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Yaquina Bay Loses Appeal to Save KYTE’s License

Broadcaster had asked the FCC to consider "equity and fairness" as well as precedent

Yaquina Bay Communications has lost an appeal to save the license of KYTE(FM) in Oregon.

Earlier this year the FCC Media Bureau deleted the call sign of the Class C0 station and rejected the license renewal, saying the station had operated from a location other than its licensed site without a valid STA for an extended period. Now the Media Bureau has upheld its decision.

Here’s the background.

Yaquina Bay Communications owns several stations serving “the central coast of Oregon and beyond.” According to the FCC case summary, in 2014 the company filed an application to change KYTE’s community of license from Newport, Ore., to Independence, Ore., and relocate its transmitter to Bald Mountain.

The Media Bureau granted that and later extended the expiration date. But in May 2018, YBC asked for special temporary authority to operate instead from Otter Crest Mountain, from which it had broadcast while licensed at Newport. It said it was unable to operate from Bald Mountain “until generator is sent and returned from manufacturer for warranty replacement,” and it said the generator was the only power source at Bald Mountain.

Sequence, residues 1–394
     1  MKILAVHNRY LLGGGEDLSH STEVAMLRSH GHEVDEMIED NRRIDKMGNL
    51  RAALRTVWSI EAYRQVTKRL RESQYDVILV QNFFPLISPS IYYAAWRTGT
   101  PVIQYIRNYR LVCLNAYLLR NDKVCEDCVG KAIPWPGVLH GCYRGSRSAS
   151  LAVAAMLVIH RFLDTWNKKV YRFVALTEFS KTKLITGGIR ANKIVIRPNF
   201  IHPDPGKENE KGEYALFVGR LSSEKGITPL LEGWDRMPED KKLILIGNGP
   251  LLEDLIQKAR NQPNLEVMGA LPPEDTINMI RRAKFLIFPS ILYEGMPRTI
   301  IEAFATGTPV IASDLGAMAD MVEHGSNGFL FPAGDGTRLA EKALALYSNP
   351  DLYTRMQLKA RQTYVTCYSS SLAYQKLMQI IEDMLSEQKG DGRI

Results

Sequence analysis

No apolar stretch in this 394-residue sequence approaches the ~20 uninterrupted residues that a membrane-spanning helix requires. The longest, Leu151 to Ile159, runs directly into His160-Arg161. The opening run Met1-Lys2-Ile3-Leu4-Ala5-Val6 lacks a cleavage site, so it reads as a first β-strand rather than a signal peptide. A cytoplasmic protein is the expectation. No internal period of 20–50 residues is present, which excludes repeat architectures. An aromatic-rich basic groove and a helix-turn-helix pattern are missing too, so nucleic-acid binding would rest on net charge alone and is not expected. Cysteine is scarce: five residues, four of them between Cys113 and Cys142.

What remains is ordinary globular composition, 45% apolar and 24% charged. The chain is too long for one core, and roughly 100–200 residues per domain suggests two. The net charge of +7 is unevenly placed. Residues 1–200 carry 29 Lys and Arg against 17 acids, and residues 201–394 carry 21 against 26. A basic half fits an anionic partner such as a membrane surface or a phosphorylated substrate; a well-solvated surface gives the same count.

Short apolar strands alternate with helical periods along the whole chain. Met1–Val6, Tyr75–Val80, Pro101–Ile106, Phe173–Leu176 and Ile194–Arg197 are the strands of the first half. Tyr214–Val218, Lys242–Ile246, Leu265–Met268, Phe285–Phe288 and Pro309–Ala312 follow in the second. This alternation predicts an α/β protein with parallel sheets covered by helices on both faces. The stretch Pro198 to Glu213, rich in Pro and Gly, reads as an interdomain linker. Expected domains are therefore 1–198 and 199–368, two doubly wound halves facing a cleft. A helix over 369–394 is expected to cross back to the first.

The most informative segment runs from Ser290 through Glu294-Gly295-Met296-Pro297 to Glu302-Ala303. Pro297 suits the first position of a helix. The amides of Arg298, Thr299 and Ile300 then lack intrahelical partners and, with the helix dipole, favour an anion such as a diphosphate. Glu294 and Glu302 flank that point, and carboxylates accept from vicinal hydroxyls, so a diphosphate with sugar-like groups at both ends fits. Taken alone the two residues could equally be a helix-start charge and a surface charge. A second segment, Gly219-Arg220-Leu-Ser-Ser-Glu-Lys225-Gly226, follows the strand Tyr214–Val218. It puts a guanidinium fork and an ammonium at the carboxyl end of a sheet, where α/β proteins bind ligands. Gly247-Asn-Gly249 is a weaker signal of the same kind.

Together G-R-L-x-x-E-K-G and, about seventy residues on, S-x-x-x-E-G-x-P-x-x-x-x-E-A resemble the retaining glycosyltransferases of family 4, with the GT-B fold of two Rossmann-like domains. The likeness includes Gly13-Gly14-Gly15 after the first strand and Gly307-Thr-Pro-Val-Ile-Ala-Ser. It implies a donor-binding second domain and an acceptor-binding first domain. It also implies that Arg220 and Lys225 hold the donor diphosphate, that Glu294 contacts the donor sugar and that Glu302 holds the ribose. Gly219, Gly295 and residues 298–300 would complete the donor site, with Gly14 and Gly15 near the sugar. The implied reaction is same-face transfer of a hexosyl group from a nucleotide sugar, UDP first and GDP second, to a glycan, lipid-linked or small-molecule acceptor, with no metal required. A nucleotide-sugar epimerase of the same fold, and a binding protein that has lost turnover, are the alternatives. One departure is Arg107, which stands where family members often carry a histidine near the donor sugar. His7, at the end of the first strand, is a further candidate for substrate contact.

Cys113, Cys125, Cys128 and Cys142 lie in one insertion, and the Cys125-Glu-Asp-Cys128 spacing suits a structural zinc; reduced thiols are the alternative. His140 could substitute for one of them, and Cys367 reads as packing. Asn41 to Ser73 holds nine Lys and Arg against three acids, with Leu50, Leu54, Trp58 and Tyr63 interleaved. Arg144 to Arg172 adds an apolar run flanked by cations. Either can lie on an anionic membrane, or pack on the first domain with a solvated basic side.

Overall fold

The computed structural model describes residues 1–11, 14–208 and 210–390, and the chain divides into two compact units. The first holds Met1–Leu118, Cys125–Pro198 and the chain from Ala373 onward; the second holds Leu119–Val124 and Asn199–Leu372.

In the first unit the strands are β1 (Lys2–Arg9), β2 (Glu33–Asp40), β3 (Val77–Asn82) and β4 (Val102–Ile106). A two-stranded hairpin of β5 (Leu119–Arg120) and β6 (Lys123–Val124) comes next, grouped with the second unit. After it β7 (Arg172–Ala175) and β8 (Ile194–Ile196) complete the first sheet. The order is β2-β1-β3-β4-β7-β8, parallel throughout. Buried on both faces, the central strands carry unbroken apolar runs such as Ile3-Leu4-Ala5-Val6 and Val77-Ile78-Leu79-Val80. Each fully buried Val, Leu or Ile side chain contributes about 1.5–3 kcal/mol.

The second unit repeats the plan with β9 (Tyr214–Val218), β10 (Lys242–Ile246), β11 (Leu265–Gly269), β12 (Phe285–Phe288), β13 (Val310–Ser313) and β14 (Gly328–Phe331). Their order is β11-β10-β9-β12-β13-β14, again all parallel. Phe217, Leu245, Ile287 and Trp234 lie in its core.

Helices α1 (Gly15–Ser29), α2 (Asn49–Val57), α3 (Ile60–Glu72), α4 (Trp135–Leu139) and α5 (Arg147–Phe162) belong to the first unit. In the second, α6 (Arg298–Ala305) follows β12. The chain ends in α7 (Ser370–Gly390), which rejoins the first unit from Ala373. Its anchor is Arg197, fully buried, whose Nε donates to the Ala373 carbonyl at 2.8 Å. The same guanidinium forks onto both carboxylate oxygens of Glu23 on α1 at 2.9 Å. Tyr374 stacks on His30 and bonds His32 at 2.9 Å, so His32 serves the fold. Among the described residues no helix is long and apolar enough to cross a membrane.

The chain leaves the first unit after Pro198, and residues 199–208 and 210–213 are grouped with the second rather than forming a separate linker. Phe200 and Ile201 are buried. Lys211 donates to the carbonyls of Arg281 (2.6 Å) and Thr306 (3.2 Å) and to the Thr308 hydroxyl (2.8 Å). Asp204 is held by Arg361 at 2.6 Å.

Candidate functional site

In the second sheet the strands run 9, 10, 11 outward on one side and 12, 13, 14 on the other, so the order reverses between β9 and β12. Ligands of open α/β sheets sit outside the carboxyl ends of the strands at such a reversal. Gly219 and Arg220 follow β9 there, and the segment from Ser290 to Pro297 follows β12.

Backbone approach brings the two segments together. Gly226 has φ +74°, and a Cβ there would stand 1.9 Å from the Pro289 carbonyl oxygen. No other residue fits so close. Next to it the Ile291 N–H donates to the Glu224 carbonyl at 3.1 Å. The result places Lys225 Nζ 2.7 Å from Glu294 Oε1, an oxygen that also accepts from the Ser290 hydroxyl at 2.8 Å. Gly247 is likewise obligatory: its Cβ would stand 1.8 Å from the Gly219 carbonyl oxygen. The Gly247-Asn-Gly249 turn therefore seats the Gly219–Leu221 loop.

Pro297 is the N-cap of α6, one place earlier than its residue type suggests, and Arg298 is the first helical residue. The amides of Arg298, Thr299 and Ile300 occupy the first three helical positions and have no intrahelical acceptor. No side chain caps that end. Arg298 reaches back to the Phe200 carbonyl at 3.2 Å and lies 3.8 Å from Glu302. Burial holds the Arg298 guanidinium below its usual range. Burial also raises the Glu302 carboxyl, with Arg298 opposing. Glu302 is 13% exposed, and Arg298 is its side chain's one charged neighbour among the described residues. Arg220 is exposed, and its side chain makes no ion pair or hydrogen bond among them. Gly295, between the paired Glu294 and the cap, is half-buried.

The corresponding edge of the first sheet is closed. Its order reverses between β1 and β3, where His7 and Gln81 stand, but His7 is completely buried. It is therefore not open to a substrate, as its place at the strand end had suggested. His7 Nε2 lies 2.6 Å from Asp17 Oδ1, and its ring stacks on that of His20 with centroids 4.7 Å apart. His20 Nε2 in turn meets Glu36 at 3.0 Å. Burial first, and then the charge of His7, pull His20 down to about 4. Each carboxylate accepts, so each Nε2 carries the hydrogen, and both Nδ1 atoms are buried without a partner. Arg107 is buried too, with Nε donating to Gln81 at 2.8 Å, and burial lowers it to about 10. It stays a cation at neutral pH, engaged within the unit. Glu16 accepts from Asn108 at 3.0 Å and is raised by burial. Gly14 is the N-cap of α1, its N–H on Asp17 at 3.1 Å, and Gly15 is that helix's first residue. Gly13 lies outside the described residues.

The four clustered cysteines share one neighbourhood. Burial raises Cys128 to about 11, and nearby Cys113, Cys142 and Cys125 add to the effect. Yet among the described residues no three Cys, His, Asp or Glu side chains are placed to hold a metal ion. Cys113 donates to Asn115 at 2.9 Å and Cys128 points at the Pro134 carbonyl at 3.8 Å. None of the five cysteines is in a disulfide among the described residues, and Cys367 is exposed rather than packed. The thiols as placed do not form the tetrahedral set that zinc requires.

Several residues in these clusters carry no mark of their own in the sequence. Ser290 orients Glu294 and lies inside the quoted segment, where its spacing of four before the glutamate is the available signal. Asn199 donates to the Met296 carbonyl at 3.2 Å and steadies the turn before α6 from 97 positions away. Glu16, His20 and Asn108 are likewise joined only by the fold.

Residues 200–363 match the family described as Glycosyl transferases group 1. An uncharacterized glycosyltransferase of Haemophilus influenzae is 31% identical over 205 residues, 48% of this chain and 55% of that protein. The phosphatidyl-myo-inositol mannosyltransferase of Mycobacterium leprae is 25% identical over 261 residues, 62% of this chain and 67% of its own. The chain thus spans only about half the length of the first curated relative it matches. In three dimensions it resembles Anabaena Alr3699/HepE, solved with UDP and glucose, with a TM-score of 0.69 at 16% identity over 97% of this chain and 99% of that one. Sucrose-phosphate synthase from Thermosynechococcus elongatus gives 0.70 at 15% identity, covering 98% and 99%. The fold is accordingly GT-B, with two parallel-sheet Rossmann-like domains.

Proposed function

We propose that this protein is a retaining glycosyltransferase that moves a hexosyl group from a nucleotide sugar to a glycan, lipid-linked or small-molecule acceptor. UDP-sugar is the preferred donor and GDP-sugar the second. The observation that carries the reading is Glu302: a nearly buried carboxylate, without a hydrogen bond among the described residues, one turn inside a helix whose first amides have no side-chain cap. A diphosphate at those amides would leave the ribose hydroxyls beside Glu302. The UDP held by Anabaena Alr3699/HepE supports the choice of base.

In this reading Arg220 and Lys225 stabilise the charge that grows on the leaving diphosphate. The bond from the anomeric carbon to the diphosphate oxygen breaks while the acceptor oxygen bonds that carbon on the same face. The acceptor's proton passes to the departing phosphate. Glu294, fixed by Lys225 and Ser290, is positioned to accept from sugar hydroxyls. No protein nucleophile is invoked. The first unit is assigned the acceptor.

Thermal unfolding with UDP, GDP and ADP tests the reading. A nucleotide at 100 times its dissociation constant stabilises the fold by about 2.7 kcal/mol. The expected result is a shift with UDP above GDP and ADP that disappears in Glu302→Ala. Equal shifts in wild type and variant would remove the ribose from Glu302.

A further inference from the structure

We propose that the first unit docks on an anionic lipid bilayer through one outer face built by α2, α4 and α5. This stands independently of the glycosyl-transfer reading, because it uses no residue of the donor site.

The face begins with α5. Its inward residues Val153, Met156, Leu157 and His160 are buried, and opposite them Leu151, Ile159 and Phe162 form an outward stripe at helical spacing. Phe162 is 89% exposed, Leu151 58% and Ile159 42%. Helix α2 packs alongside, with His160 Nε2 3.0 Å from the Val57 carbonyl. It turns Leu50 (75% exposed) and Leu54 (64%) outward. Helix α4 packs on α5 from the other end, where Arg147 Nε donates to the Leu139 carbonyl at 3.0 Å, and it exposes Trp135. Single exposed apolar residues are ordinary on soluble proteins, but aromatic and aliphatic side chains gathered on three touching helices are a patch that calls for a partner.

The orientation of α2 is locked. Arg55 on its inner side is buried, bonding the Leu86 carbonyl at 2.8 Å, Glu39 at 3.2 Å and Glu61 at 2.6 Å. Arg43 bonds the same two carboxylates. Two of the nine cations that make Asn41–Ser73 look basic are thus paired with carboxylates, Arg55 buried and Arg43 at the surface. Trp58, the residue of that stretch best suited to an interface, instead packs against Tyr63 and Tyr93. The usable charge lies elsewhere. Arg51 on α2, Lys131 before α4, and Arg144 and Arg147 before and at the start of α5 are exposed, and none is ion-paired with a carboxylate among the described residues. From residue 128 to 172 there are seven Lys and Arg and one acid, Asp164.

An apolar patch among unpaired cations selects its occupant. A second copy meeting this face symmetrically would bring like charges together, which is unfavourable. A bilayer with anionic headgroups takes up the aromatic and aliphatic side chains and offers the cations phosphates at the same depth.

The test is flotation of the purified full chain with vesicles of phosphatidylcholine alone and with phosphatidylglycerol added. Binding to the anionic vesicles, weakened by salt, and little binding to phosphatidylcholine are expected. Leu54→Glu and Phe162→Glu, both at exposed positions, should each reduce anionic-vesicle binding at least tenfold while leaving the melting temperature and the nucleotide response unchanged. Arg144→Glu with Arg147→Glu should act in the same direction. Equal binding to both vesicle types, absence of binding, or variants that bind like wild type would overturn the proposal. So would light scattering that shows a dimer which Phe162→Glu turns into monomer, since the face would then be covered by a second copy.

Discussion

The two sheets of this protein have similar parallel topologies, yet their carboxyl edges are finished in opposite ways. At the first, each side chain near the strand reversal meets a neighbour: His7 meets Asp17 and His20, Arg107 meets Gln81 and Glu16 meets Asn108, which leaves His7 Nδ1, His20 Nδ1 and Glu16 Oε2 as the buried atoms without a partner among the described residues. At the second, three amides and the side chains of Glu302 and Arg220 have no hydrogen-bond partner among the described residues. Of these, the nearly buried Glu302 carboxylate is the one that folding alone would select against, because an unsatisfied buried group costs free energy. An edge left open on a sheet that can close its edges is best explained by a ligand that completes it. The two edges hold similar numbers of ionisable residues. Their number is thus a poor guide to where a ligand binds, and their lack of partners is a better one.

The bureau granted the STA until Dec. 1, 2018. According to the commission, YBC did not seek a later extension or additional STA, nor did it seek further authorization until seeking license renewal in September of 2021.

At that time, two other broadcasters — PACNW Broadcasting, licensee of KPPT(FM) in Depoe Bay, Ore., and Outlaw Music Association, licensee of co-channel low-power KIEV(LP) in Camas, Wash. — raised concerns.

They gave evidence indicating that KYTE was still broadcasting from Otter Crest Mountain despite the expiration of its STA. They also produced plots demonstrating that, from Otter Crest, the station could not provide the required 70 dBµ principal community signal over Independence, its community of license.

Because the station apparently had been operating with unauthorized facilities for more than 12 months, the bureau sent a letter to YBC last September asking it to provide a chronology of the station’s operational status starting in December of 2018.

YBC replied that it had moved the station to Bald Mountain and was working with the government of Oregon to have permanent power provided there, where the state had facilities. The company told the commission that due to budget constraints, the state did not provide power to the site, forcing YBC to purchase two generators for its transmitter, but that YBC mistakenly purchased generators designed as backup and not primary generators, one of which failed and was returned to the manufacturer.

It said the manufacturer advised YBC that the generator was not designed for primary use, and further that it had failed due to the use of bad propane. YBC said it wasn’t able to resolve this situation with the manufacturer, propane supplier or its insurer. Also, it said, it could not afford to purchase a new generator because of the pandemic and it had lost its lease to the Bald Mountain site.

According to the FCC summary, YBC said it had “failed to realize that [the Otter Crest STA] was for just a short period of time.” It claimed that to avoid interference to other stations it has been difficult to locate another site from which it could cover Independence. It said it hopes to sell the station and has an interested buyer that would like to reestablish service from Bald Mountain; it asked for a short-term renewal to pursue that.